COVINGTON, Ga. - Covington City Manager Leigh Anne Knight said around 60 houses within the city of Covington could possibly be considered blighted property under a new ordinance the city council has agreed to move forward on to clean up the city.
The first reading of a new Community Redevelopment Tax Incentive Program ordinance, also known as a “Blight Tax,” was unanimously approved by the council Monday evening during its regular council meeting.
The proposed ordinance would implement a tax seven times the city’s millage rate on blighted property. The taxes collected under the blight tax can be used only for community redevelopment purposes.
City Attorney Frank Turner said the increase is consistent with other cities that have implemented the tax.
“Hit them where it hurts, in the pockets,” Councilwoman Hawnethia Williams said.
Knight said the city could see an increase of about $42,000 in tax revenue after the implementation of the tax.
She said on a house that has a value of $38,000 – which is about average for the houses that would be considered blight in the city – the regular tax collected is $119 a year. With the blight tax, that would go up to $833 a year.
Property owners have the ability to remove the blight designation to their properties and receive a tax reduction through remediation.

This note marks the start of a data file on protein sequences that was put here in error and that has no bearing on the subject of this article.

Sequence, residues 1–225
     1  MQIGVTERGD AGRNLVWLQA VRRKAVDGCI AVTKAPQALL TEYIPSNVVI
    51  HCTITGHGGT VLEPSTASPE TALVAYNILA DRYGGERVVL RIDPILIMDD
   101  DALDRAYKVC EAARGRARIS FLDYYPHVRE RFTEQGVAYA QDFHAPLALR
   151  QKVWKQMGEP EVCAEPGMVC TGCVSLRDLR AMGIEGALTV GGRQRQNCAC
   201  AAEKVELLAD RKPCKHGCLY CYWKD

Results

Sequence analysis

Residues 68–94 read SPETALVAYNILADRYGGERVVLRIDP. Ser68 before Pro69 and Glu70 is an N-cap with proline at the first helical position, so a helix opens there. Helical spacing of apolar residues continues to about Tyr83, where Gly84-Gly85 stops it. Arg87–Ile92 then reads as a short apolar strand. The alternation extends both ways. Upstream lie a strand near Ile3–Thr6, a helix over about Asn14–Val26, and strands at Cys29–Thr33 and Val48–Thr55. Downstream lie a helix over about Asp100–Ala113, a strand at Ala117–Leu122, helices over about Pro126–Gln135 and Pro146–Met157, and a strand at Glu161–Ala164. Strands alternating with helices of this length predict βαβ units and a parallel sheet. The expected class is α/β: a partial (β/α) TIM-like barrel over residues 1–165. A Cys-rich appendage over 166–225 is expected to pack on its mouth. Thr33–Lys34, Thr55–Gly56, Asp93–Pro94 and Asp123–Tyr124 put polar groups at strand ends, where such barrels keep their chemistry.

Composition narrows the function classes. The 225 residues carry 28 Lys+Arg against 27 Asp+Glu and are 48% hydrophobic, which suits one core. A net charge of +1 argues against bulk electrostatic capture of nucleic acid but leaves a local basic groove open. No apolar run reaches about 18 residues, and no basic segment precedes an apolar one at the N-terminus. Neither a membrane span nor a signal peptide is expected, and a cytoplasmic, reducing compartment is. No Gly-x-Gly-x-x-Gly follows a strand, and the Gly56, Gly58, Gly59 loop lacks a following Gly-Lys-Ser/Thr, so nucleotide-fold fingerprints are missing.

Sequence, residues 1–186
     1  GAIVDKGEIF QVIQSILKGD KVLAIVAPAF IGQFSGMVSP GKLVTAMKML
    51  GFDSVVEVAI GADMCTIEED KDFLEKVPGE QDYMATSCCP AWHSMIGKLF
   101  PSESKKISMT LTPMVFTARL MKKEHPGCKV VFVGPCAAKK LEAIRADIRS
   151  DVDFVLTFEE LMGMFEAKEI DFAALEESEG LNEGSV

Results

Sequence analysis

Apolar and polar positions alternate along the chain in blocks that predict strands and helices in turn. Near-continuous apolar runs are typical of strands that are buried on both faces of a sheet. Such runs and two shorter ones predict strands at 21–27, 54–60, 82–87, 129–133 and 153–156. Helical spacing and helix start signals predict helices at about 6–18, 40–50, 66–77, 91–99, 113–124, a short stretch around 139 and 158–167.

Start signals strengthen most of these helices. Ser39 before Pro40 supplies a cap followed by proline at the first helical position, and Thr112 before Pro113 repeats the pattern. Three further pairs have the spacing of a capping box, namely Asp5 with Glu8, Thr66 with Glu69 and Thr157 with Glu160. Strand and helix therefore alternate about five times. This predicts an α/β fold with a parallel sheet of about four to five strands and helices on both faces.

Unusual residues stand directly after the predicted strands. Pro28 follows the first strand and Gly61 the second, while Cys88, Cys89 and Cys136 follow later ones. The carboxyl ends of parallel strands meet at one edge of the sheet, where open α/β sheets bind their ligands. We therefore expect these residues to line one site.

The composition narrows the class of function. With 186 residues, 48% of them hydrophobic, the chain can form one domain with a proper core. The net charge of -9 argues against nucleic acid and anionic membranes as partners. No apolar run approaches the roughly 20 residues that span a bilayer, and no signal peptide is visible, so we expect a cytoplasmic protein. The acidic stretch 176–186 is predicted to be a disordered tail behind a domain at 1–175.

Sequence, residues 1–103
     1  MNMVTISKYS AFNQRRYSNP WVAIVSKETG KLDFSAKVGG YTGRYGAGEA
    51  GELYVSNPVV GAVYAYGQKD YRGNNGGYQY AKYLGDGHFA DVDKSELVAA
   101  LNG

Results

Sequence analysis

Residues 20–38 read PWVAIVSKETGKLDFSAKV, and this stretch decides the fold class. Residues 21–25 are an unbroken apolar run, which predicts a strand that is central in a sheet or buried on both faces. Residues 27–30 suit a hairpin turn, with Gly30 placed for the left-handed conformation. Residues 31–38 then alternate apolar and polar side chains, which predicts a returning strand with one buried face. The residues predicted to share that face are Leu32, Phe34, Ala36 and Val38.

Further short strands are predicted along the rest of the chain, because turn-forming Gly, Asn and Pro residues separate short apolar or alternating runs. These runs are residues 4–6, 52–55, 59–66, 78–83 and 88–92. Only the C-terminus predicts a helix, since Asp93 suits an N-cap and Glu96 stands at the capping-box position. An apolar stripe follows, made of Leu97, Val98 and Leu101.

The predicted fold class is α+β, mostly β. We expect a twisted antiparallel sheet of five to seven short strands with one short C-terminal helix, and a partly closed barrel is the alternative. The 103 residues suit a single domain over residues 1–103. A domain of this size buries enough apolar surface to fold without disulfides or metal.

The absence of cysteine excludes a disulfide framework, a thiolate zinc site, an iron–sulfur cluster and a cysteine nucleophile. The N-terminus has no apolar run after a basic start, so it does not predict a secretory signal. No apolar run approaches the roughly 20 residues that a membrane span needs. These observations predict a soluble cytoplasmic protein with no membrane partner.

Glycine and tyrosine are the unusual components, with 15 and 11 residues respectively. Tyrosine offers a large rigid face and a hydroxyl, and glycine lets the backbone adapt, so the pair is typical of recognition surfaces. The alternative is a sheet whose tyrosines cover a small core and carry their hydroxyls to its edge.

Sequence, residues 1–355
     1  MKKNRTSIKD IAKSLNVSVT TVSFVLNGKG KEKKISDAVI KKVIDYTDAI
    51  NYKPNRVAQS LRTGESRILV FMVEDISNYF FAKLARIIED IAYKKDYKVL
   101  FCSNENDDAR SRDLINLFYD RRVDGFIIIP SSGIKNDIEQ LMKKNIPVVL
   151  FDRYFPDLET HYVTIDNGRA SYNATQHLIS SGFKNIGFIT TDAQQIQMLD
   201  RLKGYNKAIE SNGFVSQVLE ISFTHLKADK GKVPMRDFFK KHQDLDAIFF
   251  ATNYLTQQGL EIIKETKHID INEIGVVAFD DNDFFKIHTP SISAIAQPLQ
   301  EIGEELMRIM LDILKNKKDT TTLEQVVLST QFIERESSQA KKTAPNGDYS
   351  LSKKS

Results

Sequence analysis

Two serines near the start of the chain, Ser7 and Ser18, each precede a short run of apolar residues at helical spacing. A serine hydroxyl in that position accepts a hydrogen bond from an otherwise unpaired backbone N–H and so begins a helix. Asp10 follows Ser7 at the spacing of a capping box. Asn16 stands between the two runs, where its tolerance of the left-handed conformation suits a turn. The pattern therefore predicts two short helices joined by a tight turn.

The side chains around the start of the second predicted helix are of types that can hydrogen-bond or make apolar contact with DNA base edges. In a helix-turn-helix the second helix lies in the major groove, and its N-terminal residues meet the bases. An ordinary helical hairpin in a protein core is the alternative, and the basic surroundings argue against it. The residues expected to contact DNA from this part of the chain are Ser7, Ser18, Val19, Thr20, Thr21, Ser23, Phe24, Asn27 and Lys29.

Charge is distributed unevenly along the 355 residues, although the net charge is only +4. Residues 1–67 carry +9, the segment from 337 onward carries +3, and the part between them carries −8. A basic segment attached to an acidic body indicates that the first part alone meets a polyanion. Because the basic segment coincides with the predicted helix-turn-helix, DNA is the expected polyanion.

The council will vote on the second reading during its July 23 meeting.
What is Blight?
“Blighted property, blighted, or blight” means any urbanized or developed property which:
1. Presents two or more of the following conditions:
a. Uninhabitable, unsafe, or abandoned structure;
b. Inadequate provisions for ventilation, light, air, or sanitation;
c. An imminent harm to life or other property caused by fire, flood, hurricane, tornado, earthquake, storm, or other natural catastrophe respecting which the governor has declared a state of emergency under the state law or has certified the need for disaster assistance under federal law; provided, however, this division shall not apply to property unless the relevant public agency has given notice in writing to the property owner regarding specific harm caused by the property and the owner has failed to take reasonable measures to remedy the harm;
d. A site identified by the federal Environmental Protection Agency as a superfund site pursuant to 42 U.S.C. Section 9601, et seq., or having environmental contamination to an extent that requires remedial investigation or a feasibility study;
e. Repeated illegal activity on the individual property of which the property owner knew or should have known; or
f. The maintenance of the property is below state, county, or municipal codes for at least one year after written notice of the code violation to its owner; and
2. Is conducive to ill health, transmission of disease, infant mortality, or crime in the immediate proximity of the property. Property shall not be deemed blighted solely because of aesthetic conditions.